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Rich, rich and richer


economy

Rich, rich and richer

There was a little bit of a shake up at the top in Forbes magazine’s list of the world’s wealthiest individuals this year.

Mexican telecoms king Carlos Slim remained at number one with a fortune calculated as the equivalent of 56 billion euros and Microsoft co-founder Bill Gates held on to the number two spot with a net worth of fifty one and a half billion.

But moving up to third position was self-made mogul Amancio Ortega, co-founder of the Inditex fashion group and Spain’s richest man, who is said to be worth 44 billion euros.

Ortega leapt over Warren Buffett, the chairman and chief executive of conglomerate Berkshire Hathaway – worth 41 billion – and France’s Bernard Arnault of the LVMH luxury goods group, who dropped to 10th place, with a mere 22.3 billion.

Oracle’s Larry Ellison, with a calculated fortune of 33 billion euros, rounded out the top five.

This year’s ranking included a record 1,426 billionaires, with an average net worth of 2.9 billion euros.

Rising stock markets fuelled in part by monetary stimulus by the US Federal Reserve, and robust consumer brands fortified the fortunes of those already on the list and drove many of the 210 new billionaires onto it.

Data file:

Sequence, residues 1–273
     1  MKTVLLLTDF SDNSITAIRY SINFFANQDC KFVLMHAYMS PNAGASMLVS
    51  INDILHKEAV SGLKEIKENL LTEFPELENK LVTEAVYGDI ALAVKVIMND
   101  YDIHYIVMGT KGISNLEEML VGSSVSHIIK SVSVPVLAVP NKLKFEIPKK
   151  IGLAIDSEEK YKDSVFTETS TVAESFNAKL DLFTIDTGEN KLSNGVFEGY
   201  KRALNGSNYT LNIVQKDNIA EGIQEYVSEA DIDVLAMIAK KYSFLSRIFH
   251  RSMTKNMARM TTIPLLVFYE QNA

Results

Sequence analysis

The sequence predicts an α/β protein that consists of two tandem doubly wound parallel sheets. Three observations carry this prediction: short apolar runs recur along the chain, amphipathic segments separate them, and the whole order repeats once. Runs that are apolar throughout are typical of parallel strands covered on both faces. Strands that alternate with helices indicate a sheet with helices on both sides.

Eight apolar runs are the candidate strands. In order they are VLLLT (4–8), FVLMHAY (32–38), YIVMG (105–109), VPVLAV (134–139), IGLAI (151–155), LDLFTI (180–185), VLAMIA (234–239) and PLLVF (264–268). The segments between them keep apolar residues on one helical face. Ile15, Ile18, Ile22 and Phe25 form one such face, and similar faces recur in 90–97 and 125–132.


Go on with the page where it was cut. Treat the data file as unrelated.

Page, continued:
Where they are

The United States led the list with 442 billionaires, followed by 386 from Asia and the Pacific region, with 122 in China alone.

Europe was close behind with 366, including 110 in Russia. The Americas, not including the United States, had 129 and the Middle East and Africa 103.

Forbes magazine editor Randall Lane made a geographical prediction: “There will be more Asian billionaires than American billionaires by the end of this decade, actually by the middle of this decade. That is a statement about where global growth is.”

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